The area of the circle and the problem of Dido

Published on May 20, 2016

With the same perimeter, the circle is the polygon with the largest area. But how do you calculate thearea of the circle? Let's find out by studying the problem of Dido! To establish his own city, he sought to delimit the most space possible by using a rope stretched so as to form a semicircle.

Dido was a phoenician princess who fled with some followers from his native city of Tyre after he discovered that the king Pygmalion, her brother, had murdered her husband stealing the kingdom. After a long journey landed on the coast of Libya, where he asked the king Iarba, a plot of land on which to build a new city. The king promised as much land as she could contain a the skin of the ox.

Dido, without losing heart, cut the skin into thin strips and tied together to form a long rope. With this rope, the princess enclosed a part of the territory, ensuring a convenient outlet to the sea.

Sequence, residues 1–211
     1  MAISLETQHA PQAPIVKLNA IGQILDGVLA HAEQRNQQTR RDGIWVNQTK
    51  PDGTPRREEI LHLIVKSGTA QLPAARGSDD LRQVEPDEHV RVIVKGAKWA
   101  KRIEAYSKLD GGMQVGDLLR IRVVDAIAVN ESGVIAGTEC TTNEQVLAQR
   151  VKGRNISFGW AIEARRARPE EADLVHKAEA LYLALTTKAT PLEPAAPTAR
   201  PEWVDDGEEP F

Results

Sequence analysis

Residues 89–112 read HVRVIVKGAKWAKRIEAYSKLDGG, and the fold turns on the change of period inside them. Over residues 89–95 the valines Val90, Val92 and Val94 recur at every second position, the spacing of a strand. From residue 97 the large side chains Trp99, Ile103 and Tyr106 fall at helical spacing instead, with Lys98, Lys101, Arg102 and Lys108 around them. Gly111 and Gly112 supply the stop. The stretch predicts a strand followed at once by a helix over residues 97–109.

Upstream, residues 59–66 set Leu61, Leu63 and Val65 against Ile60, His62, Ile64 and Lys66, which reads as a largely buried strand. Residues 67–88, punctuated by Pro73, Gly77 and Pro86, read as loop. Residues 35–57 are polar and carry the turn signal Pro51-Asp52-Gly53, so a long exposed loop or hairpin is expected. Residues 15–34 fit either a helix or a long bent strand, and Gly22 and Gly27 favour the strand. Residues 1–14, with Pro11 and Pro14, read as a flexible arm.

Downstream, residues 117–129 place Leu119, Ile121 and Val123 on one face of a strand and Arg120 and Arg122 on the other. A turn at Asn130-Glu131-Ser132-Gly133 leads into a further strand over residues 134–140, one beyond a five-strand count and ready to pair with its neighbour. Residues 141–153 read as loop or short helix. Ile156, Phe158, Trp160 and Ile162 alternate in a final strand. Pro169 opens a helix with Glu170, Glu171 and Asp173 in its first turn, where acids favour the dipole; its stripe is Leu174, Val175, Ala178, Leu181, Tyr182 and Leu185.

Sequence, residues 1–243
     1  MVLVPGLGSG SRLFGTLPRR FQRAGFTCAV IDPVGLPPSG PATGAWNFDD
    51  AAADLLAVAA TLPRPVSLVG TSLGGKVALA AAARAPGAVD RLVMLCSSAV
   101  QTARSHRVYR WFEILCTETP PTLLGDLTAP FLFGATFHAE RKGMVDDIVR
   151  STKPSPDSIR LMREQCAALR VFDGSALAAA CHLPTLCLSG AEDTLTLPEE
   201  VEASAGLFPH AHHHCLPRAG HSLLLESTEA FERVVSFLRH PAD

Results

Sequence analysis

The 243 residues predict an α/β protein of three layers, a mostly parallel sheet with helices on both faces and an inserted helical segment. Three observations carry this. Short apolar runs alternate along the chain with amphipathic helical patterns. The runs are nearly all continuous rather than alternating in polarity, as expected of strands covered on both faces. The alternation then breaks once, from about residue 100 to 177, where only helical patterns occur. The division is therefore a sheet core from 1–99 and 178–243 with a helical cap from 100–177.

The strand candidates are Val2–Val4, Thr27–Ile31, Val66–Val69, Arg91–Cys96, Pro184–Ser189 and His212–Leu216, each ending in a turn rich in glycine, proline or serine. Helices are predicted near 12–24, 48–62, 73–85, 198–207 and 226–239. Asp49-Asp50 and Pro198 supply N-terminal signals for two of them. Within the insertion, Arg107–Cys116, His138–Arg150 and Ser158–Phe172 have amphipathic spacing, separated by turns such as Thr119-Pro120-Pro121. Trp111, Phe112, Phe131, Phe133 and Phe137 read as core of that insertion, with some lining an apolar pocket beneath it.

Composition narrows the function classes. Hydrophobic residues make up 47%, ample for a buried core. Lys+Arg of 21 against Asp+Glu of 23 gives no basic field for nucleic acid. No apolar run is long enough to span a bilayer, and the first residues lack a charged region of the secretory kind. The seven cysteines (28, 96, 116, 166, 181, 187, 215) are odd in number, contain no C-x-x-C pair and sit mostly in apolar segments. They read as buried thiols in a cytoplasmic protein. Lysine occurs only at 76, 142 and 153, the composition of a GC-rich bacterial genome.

To enclose the greater part of the land, Dido dispose of the rope in a semicircle: but it will be the best choice? Yes! Among all the figures with the same perimeter, the circle has the maximum area! With this choice, Dido was able to delimit what would later become the territory of Carthage.

The circle is the piano part contained within a circle. To find the area of the circle of radius $$r$$ we use the formula:

$$A = \pi \cdot r^2$$

But from where we derived this formula? With a short demonstration, we found that the area of the circle is equivalent to the area of a parallelogram that has base equal to one-half of the length of the circumference and the height equal to the radius. You can see it very well with a washer of orange: the circle can be decomposed into many small triangles that, positioned correctly, form a parallelogram. The circle and the parallelogram are the two figures equiscomponibili, and then have the same area!

Curious to learn more? Look at the lesson on thearea of the circle and work out with the exercises!

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